The government faces accusations of hiding a report that reveals employment tribunal fees affect women and ethnic minorities the most.
Figures show a 70% drop in cases, including a 50% fall in race discrimination cases since the introduction of fees in 2013. Dawn Butler, shadow minister for diverse communities, claims people can no longer access justice due to these fees. She claims the government knew about the difficulties some have with affording the fees.
Ms Butler told the Common’s Procedure Committee that the Ministry of Justice has been ignoring the findings of an equality impact assessment since July 2015. She claims it shows the government knew the fees would discriminate against certain groups.
However, the Ministry of Justice says that legal aid is available for discrimination cases and it will drop the fees for those who cannot afford them.
From January and March 2013 there were 1,240 race discrimination cases in the UK. Since the start of the fees, there has been 530 cases leading up to March 2015.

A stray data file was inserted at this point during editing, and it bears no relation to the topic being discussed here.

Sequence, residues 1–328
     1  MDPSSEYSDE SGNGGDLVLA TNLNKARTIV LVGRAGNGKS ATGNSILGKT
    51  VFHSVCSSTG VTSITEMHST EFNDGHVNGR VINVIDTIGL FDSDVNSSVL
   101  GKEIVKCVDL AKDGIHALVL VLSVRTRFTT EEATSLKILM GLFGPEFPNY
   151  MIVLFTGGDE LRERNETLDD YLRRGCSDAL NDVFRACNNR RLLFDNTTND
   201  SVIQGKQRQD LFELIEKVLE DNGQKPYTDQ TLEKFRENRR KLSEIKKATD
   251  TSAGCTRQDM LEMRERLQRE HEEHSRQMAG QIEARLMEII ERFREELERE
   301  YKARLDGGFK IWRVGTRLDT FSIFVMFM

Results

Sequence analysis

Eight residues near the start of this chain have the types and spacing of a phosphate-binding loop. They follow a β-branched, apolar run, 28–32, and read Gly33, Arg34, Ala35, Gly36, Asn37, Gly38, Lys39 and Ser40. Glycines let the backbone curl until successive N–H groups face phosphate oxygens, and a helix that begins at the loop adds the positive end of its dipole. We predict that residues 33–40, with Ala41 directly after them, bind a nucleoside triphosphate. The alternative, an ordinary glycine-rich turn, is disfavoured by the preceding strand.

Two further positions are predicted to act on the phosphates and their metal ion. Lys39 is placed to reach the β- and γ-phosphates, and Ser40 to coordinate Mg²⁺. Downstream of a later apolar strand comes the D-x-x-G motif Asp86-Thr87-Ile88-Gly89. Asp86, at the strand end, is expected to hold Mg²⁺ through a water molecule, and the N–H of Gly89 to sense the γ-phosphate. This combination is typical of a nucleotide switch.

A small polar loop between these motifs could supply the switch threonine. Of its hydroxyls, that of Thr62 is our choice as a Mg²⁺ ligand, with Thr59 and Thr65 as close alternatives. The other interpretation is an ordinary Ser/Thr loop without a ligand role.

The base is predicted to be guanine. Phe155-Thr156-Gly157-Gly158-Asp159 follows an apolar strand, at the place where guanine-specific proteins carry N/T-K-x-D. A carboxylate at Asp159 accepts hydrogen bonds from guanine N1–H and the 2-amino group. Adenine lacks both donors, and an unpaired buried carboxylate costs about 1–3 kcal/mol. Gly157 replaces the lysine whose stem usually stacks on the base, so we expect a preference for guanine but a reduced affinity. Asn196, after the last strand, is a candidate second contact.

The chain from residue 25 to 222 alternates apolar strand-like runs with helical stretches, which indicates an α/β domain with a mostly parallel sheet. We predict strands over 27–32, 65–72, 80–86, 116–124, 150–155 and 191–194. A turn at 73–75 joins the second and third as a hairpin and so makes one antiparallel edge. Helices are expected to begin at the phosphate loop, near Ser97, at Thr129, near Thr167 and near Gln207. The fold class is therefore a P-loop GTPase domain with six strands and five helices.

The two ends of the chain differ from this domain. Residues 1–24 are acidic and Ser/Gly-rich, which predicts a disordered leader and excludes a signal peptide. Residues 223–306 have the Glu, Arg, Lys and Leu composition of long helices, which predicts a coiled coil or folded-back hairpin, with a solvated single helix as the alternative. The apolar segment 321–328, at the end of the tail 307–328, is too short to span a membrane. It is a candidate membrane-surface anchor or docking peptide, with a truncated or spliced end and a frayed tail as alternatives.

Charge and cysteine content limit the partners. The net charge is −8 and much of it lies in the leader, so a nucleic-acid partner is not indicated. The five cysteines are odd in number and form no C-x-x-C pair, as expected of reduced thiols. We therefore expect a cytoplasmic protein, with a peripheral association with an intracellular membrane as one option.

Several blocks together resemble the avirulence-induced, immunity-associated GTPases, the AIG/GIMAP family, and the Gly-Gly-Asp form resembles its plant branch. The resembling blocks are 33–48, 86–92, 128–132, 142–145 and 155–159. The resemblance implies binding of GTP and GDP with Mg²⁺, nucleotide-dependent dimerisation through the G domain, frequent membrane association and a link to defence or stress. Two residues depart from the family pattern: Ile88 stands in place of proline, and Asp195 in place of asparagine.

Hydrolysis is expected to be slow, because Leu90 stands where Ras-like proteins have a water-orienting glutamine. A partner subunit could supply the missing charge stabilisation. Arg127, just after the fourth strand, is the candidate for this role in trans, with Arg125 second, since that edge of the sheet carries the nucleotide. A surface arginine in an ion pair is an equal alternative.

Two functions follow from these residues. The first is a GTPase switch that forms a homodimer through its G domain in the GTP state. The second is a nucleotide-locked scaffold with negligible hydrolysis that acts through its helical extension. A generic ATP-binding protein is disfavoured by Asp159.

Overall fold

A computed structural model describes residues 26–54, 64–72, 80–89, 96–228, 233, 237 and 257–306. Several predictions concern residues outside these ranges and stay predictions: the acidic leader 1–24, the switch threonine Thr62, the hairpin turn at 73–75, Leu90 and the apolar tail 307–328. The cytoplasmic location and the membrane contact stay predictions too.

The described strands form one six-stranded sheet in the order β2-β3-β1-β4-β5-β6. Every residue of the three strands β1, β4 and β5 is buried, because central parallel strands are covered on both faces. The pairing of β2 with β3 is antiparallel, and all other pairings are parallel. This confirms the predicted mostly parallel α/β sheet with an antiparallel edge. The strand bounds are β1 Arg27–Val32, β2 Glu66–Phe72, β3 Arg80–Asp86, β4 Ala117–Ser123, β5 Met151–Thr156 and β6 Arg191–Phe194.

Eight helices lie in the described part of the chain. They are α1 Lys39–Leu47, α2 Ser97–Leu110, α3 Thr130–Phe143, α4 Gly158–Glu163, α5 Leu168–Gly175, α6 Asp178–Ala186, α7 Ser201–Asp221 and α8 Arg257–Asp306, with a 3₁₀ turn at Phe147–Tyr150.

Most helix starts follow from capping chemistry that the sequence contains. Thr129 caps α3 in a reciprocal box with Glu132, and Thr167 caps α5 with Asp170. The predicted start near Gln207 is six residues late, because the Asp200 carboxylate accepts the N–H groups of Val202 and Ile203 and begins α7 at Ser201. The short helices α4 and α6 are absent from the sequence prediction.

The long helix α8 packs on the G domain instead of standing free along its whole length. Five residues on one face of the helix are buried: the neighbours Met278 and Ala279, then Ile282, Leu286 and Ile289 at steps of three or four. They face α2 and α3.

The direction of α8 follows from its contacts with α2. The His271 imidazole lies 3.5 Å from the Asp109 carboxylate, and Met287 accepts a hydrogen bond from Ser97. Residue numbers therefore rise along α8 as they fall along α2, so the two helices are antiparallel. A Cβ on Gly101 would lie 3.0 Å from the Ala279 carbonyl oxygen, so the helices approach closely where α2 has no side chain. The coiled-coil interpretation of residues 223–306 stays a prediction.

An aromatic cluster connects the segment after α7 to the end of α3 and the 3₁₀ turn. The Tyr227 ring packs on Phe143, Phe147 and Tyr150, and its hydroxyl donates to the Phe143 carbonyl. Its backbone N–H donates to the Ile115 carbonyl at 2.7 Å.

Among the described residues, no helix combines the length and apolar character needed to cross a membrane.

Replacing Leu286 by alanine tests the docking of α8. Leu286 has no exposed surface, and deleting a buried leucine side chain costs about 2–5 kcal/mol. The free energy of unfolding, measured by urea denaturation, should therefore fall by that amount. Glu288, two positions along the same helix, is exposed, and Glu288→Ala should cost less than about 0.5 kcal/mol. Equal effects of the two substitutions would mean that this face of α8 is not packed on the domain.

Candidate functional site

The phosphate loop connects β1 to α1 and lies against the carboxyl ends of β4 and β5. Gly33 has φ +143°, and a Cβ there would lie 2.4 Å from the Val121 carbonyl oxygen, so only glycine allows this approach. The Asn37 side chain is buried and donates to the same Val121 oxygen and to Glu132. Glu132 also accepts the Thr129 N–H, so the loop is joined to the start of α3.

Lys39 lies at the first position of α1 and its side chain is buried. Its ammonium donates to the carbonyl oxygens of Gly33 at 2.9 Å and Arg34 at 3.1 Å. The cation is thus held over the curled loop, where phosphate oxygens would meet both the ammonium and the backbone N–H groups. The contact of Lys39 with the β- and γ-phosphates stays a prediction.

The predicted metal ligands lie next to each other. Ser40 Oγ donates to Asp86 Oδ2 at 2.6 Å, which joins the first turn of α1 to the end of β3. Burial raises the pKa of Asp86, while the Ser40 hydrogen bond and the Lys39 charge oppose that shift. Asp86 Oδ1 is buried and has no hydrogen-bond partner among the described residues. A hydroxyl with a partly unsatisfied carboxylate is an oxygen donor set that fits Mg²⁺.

The government’s equalities minister says that the figures may have dropped because more people are choosing mediation instead of heading straight to tribunal.
Employment tribunal fees are now:
• £160 to lodge a “Type A” claim (such as redundancy pay, unpaid wage, holiday pay) and £230 for the first hearing
• £250 to lodge a “Type B” claim (such as discrimination, equal pay, unfair dismissal and whistleblowing) and £950 for the first hearing.
Reforming employment tribunals
Earlier this month the Department for Business, Energy and Industrial Strategy published a consultation document on reforming the employment tribunal system. Changes under consideration include online processing; delegating some of the tasks currently undertaken by Judges to caseworkers; tailoring the panels according to the expertise of the panel members and the needs of each case and ensuring that simple cases can be resolved by simple means.
The Department for Business, Energy and Industrial Strategy would continue to have responsibility for employment law policy. The Ministry of Justice would be responsible for procedural policy.
The government wants views on what could make some cases suitable for online determination. But it does agree with concerns that complex cases like discrimination would not be suitable.
Employment tribunals and employment appeal tribunal are expected to be the last big tribunals to be completely reformed. They are however, expected to benefit from improvements identified during reforms of other tribunals.